Mylan Labs., Inc. v. Thompson
United States Court of Appeals for the District of Columbia Circuit
November 8, 2004, Argued ; November 30, 2004, Decided
[**442] [*1274] KAREN LECRAFT HENDERSON, Circuit Judge: Appellants Mylan Laboratories, Inc. Mylan Technologies, Inc. and Mylan Pharmaceuticals, Inc (Mylan) appeal the district court's summary judgment upholding the decision of appellee Food and Drug Administration (FDA). The FDA decision granted appellees ALZA Corp. and Janssen Pharmaceutica, Inc, both subsidiaries of Johnson and Johnson, (collectively, ALZA) a six-month period of pediatric marketing exclusivity, pursuant to 21 U.S.C. § 355a, following expiration of the final patent for ALZA's brand name transdermal fentanyl system, the Duragesic patch, which releases fentanyl, a narcotic analgesic, through the skin to treat chronic pain. Mylan contends the FDA's final approval of Mylan's Abbreviated New Drug Applications (ANDA) to market a generic version of the Duragesic patch, granted [***3] before the FDA issued the decision challenged here, entitled Mylan to market its generic product immediately upon expiration of the patent pursuant to 21 U.S.C. § 355(j), without regard to pediatric exclusivity. For the reasons set out below, we affirm the district court's judgment upholding the FDA's decision.
This appeal requires that the court consider three separate statutory provisions: (1) 21 U.S.C. § 355(j), a provision of the 1984 Hatch-Waxman Amendments to the Federal Food, Drug, and Cosmetic Act (FDCA), which authorizes a drug manufacturer [**443] [*1275] to submit an ANDA to the FDA to obtain approval of a generic version of a previously approved drug; (2) 21 U.S.C. § 355a, a 1997 amendment to the FDCA, which authorizes an extra six-month "pediatric exclusivity" period following expiration of a drug patent for a patent holder that has satisfactorily conducted pediatric testing of its drug upon the FDA's request; and (3) 35 U.S.C. § 271(e)(4), a patent statute, also enacted in the Hatch-Waxman Amendments, which sets out the exclusive remedies available in a patent infringement action. [***4] We begin with a summary of these three provisions.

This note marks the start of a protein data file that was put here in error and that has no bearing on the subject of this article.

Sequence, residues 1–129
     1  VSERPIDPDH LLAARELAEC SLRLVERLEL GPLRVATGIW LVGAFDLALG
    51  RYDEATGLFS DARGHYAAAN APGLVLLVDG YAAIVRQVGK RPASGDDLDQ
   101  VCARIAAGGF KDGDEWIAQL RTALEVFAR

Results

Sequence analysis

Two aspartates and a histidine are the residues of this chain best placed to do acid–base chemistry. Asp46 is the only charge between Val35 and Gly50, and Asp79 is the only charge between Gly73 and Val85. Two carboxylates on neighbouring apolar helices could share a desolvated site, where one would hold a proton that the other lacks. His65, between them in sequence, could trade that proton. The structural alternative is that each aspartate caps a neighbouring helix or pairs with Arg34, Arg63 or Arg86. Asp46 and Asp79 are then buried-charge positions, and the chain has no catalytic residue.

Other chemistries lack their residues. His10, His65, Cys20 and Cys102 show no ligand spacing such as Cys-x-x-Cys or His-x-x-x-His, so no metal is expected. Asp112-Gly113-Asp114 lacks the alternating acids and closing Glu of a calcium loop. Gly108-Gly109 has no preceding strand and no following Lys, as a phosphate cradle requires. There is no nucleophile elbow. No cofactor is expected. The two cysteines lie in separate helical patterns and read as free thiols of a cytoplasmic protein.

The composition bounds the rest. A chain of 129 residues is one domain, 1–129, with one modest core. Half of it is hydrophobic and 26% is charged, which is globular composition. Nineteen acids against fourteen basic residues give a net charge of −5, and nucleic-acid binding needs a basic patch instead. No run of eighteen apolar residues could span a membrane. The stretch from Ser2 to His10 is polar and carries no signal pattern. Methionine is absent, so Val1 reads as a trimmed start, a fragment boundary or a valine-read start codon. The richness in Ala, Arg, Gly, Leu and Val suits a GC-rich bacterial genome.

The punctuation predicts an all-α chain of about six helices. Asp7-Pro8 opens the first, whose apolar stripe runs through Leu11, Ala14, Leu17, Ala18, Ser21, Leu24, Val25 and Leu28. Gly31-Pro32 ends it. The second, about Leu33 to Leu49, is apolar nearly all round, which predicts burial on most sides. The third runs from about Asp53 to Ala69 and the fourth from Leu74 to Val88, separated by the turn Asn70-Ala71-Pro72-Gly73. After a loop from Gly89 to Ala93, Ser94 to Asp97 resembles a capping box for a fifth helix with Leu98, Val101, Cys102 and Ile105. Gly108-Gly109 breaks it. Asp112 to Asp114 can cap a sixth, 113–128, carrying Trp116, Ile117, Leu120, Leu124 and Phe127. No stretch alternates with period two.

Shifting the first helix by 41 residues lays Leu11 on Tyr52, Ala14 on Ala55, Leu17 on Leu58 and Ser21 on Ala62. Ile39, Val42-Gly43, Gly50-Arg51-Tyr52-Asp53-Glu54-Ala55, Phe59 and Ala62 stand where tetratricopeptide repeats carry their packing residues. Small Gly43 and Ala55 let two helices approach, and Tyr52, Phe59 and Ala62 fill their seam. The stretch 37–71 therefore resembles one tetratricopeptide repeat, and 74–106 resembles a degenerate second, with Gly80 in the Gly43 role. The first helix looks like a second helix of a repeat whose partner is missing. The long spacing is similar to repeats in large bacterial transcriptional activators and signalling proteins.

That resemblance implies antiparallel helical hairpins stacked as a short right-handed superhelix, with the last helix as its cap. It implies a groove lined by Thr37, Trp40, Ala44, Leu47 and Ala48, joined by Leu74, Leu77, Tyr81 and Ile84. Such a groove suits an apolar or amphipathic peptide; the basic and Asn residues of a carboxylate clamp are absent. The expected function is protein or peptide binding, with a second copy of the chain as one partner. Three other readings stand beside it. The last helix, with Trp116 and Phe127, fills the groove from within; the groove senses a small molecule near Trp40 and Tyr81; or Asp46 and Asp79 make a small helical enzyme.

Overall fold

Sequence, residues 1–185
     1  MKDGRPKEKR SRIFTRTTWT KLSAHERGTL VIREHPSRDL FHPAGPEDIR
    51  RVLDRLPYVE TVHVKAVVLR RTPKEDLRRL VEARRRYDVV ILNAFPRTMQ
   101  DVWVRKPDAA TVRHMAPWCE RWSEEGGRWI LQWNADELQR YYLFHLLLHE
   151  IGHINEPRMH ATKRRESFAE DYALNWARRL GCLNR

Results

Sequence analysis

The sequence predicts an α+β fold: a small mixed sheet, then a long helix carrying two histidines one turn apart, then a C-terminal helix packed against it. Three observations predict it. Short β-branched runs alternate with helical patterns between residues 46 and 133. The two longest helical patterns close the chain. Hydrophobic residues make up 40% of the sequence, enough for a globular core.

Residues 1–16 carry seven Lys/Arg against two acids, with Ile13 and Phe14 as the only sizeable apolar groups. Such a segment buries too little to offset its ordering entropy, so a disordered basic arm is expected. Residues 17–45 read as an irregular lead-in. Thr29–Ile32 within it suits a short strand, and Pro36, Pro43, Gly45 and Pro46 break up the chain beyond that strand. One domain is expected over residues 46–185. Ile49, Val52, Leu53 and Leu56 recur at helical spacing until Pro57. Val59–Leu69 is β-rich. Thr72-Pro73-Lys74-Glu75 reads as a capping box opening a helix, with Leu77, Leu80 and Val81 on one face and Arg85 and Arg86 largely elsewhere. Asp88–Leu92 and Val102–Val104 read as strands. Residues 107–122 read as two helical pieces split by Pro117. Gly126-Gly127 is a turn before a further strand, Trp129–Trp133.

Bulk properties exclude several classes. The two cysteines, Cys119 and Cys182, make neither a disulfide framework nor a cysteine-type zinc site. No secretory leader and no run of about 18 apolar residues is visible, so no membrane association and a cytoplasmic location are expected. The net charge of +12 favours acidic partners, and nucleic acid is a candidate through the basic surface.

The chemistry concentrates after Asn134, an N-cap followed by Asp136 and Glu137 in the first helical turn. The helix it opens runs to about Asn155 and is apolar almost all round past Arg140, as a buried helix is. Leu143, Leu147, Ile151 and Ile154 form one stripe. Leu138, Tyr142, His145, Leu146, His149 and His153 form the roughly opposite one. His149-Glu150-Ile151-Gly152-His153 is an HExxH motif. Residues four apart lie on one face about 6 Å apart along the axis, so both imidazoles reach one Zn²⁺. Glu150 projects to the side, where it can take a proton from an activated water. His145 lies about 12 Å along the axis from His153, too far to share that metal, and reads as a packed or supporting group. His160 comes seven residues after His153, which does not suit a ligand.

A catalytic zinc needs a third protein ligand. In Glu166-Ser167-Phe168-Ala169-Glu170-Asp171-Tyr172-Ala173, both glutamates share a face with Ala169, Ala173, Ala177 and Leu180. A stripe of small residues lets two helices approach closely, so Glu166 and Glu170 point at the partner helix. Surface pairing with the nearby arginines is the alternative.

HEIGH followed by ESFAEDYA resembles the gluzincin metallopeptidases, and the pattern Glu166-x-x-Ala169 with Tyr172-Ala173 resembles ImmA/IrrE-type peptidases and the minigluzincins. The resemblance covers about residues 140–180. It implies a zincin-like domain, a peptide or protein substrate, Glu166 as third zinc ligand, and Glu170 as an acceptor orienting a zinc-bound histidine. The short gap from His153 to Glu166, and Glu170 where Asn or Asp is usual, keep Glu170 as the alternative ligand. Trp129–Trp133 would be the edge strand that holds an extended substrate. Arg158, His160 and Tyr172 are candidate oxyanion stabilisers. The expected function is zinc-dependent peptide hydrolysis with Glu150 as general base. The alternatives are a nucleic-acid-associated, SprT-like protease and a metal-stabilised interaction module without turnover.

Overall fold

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389 F.3d 1272 *; 363 U.S. App. D.C. 440 **; 2004 U.S. App. LEXIS 24675 ***
MYLAN LABORATORIES, INC., ET AL., APPELLANTS v. TOMMY G. THOMPSON, SECRETARY, UNITED STATES DEPARTMENT OF HEALTH AND HUMAN SERVICES, ET AL., APPELLEES
Prior History: [***1] Appeal from the United States District Court for the District of Columbia. (No. 04cv01049).
Mylan Labs., Inc. v. Thompson, 332 F. Supp. 2d 106, 2004 U.S. Dist. LEXIS 16103 (D.D.C., 2004)
patent, certification, infringement, pediatric, expiration, effective date, district court, generic, expiration date, final approval, patent holder, notice, regulation, effective, tentative, fentanyl, studies, window, deference, six-month, delayed, invalid, amend, statutory provisions, patent infringement, circumstances, transdermal, effect immediately, approved drug, new drug
Business & Corporate Compliance, Governments, Agriculture & Food, Federal Food, Drug & Cosmetic Act, Infringement Actions, Defenses, Experimental Use & Testing, Civil Procedure, Judgments, Entry of Judgments, Consent Decrees, Infringing Acts, Making & Manufacturing Infringement, Patent Law, Jurisdiction & Review, Subject Matter Jurisdiction, Appeals, General Overview, Appeals, Standards of Review, De Novo Review, Summary Judgment Review, Standards of Review, Administrative Law, Judicial Review, Abuse of Discretion, Environmental Law, Administrative Proceedings & Litigation, Judicial Review, Arbitrary & Capricious Standard of Review, Deference to Agency Statutory Interpretation, Agency Rulemaking, Informal Rulemaking